The final bill passed by the legislature was the most controversial. The original bill contained a provision that would allow for compensated surrogacy in Washington state while providing strong protections for surrogates, parents, and children. This provision - which was strongly objected to by the radical right and the Catholic Church for reasons largely unrelated to LGBT families - was not included in the final bill. The proponents of the original bill have already indicated their intention to file a bill in the 2012 legislative session that will make it easier for couples to form families through surrogacy while making sure that surrogates have strong protections.
The Uniform Parentage
HB 1267 was commonly referred to as the Uniform Parentage Act and made significant changes to the existing UPA in Washington state. The UPA is the law that establishes who is a legal parent.
The passage of HB 1267 represents a significant milestone in protecting the families of same-sex couples for three reasons. First, Washington's legislature becomes the first in the country to revise its parentage act - the law that determines who a child's legal parents are - specifically to incorporate same-sex couples. For the first time, parentage may be based not on genetics or biology, but on intent. This is a significant change in family law. Second, beyond the mere symbolism of this change, the bill provides concrete protections for same-sex couples and their children. By removing from the statute the terms 'mother' and 'father' and instead using the words 'parent(s)' we eliminate both stigma, and the possibility of legal uncertainty.
In Washington state, there is no longer a legal assumption that children have a mother and a father. Registration as domestic partners, or a valid legal marriage, D.P., or Civil Union, will lead to a presumption of parentage, regardless of whether there has been a second-parent adoption. Living with a child for the first two years of the child's life and holding the child out as your own will also make you a parent without any genetic connection and without prior registration.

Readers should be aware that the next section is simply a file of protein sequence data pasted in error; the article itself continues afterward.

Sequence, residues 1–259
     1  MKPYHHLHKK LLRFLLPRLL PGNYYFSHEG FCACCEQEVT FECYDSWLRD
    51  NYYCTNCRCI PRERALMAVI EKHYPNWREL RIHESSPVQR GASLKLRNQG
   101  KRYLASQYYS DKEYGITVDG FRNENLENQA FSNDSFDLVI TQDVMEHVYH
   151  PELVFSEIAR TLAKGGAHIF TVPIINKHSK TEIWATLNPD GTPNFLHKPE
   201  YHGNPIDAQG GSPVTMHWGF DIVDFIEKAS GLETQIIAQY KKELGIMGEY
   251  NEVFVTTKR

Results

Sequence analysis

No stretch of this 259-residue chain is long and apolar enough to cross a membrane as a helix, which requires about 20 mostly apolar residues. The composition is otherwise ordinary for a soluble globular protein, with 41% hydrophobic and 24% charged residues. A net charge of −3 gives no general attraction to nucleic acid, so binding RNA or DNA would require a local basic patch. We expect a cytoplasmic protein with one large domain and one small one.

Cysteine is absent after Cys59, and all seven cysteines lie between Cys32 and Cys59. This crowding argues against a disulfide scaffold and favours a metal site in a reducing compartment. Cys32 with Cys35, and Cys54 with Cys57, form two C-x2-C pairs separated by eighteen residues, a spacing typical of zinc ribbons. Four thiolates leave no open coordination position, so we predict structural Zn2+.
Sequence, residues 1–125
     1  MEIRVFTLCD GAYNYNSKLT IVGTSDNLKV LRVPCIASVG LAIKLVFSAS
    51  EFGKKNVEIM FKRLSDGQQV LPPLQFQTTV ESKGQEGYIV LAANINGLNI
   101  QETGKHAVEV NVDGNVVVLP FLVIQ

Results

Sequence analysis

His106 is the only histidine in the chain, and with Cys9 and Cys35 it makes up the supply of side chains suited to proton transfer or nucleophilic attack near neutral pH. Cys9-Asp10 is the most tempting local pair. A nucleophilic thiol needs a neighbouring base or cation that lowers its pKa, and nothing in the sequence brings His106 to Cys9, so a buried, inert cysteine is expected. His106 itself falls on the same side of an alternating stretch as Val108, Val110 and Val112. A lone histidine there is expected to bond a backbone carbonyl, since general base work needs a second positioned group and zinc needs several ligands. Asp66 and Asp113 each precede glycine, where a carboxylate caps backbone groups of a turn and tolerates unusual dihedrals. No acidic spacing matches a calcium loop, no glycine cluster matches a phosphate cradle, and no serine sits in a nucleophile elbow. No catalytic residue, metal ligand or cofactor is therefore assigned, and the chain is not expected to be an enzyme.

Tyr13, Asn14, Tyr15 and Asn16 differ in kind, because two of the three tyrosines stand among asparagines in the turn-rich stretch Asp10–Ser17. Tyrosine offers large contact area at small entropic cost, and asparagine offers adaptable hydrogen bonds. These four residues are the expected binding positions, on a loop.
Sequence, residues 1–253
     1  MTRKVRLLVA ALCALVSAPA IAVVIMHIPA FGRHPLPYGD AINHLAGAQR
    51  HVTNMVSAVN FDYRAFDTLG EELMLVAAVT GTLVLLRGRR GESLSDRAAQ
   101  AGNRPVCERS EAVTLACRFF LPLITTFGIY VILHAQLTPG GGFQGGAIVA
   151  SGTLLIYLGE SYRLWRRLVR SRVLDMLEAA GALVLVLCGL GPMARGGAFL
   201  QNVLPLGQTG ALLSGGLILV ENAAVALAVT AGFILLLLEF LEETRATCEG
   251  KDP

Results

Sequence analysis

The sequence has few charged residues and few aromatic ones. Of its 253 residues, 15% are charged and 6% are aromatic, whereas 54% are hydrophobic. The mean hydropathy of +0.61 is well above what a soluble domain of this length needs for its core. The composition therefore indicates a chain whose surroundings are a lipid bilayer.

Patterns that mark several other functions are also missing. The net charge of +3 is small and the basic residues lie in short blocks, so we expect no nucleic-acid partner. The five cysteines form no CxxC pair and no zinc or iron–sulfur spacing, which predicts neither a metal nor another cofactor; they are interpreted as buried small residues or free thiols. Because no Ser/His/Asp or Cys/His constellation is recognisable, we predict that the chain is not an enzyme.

These and other changes make it much less likely that the relationships of Gay and Lesbian people with the children they help to bring into the world will be disregarded because of the lack of a genetic connection or proper legal paperwork.
Third, the passage of these changes significantly undermines the contention that different-sex marriage is privileged in the law because of its unique link to procreation, a contention heavily relied on by the majority in the Andersen case, which upheld the ban on same-sex marriage in 2006.
Representative Jamie Pedersen was the prime sponsor of the UPA bill. Its passage through the Senate was continually in jeopardy and a large list of senators include to be thanked including Senator Ed Murray, Senator Craig Pridemore, Senator Kevin Ranker, Senator Sharon Nelson, and Senate Majority Leader Lisa Brown. The bill would not have passed without Republican support in the Senate. Republican Senators who supported the bill and deserve the thanks of the civil rights community and family advocacy community include Cheryl Pflug, Steve Litzow, Andy Hill, and Joe Fain.
During the course of the session, ERW advocates sent over 20,000 emails to Washington's elected leaders, made countless phone calls, and over 250 advocates went to Olympia on March 21 for ERW's fifth Equality Day. ERW's lobbyist Carey Morris provided outstanding representation and support to the bill's sponsors and allies. There is a great deal of credit to be spread around to legislators and organizations who played a vital role in the passage of each bill.
Now the legislature will meet in special session to pass a budget and ERW will work with our legislative allies and coalition partners to protect funding for AIDS/HIV and other critical services.